When a handful of new coronavirus cases materialized this month in a province surrounding Beijing — apparently spread at a village wedding party — the Chinese authorities bolted into action.

They locked down two cities with more than 17 million people, Shijiazhuang and Xingtai. They ordered a testing regime of nearly every resident there, which was completed in a matter of days.

They shut down transportation and canceled weddings, funerals and, most significantly, a provincial Communist Party conference.

By this week, the lockdowns had expanded to include another city on the edge of Beijing, Langfang, as well as a county in Heilongjiang, a northeastern province. Districts in Beijing itself, the Chinese capital, also shut down.

More than 22 million people in all have been ordered to remain inside their homes — double the number affected last January when China’s central government locked down Wuhan, the central city where the virus was first reported, in a move that was then seen as extraordinary.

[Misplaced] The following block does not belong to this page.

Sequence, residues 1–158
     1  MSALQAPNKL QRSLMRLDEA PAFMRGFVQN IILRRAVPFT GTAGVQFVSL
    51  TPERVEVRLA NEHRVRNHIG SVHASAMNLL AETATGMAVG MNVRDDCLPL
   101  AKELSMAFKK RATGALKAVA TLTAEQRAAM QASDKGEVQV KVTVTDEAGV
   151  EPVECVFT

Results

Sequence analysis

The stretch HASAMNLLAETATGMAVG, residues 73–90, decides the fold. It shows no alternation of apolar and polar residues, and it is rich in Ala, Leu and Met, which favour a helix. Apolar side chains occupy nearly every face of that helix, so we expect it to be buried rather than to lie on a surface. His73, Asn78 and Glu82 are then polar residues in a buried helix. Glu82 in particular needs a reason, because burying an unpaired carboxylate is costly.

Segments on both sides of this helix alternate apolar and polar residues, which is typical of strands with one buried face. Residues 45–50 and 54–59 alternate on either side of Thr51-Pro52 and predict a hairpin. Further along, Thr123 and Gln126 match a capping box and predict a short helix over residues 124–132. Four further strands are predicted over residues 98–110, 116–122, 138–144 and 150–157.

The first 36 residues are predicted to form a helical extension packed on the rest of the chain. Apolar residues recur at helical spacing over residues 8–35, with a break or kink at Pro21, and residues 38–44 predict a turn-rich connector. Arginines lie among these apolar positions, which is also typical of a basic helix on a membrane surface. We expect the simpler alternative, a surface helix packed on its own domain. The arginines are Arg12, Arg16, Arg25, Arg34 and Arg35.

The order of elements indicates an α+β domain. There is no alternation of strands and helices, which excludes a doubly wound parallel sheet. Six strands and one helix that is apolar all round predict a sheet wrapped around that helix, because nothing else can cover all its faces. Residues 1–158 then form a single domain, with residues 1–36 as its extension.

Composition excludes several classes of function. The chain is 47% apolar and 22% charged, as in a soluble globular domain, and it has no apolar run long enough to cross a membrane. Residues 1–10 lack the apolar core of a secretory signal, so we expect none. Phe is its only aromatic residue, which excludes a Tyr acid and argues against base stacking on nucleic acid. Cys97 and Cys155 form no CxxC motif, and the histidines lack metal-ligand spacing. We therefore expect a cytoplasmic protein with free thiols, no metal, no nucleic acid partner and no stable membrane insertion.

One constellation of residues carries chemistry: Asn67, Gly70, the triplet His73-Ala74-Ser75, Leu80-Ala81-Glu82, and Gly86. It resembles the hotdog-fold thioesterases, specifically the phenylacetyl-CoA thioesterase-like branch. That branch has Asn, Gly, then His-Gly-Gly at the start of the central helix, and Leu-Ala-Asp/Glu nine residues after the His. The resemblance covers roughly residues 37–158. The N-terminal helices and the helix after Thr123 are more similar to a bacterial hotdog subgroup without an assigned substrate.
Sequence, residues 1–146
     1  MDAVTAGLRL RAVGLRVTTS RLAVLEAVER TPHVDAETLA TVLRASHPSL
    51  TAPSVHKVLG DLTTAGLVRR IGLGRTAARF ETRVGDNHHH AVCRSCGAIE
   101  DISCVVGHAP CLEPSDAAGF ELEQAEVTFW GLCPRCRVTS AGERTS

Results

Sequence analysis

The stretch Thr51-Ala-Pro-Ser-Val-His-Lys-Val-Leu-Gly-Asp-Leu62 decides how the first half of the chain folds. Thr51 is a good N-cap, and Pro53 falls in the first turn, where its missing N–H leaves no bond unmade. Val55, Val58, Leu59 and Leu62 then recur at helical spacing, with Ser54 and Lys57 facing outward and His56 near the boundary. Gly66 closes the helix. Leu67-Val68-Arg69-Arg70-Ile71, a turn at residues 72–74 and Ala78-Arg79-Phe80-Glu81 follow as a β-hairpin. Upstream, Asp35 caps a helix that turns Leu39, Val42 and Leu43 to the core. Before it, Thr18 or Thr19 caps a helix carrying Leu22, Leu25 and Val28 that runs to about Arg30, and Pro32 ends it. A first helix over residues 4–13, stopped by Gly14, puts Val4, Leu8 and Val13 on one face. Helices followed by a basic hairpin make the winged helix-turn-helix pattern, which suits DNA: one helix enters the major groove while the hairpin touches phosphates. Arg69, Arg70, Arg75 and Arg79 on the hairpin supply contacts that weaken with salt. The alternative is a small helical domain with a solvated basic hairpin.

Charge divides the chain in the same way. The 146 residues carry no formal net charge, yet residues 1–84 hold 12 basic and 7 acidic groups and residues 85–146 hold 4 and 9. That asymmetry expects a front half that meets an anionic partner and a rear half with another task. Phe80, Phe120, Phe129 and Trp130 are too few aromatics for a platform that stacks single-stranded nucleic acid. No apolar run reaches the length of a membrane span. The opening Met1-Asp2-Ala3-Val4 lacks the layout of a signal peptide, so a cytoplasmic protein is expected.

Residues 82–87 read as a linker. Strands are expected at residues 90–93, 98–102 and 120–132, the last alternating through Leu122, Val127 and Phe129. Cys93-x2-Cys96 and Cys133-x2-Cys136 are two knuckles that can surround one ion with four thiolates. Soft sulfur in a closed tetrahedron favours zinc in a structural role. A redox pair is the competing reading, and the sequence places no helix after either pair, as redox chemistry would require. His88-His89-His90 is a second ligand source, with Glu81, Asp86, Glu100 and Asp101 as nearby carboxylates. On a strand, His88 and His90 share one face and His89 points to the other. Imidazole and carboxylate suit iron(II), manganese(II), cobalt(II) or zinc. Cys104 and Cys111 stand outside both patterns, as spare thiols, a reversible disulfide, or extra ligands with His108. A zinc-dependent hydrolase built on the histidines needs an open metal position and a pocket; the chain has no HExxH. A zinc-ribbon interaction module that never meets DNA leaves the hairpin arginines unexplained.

The flare-ups remain small compared with the devastation facing other countries, but still threaten to undercut the success that the country’s Communist Party has had in subduing the virus, allowing its economy to surge back after last year’s slump and its people to return to something close to normal lives.

The urgency of the government’s current response stands in contrast to that of officials in Wuhan last year who feared a backlash if they disclosed the mysterious new illnesses then emerging. Local officials there had gone ahead with a Communist Party conference like the one now canceled in Hebei, despite knowing the risk of the disease spreading among people.

Since Wuhan, the authorities have created a playbook that mobilizes party cadres to quickly respond to new outbreaks by sealing off neighborhoods, conducting widespread testing and quarantining large groups.

China, a country of 1.4 billion people, has reported an average of 109 new cases a day over the past week, according to a New York Times database. Those would be welcome numbers in countries experiencing far worse — including the United States, which is averaging more than 250,000 new cases a day — but they are the worst in China since last summer.



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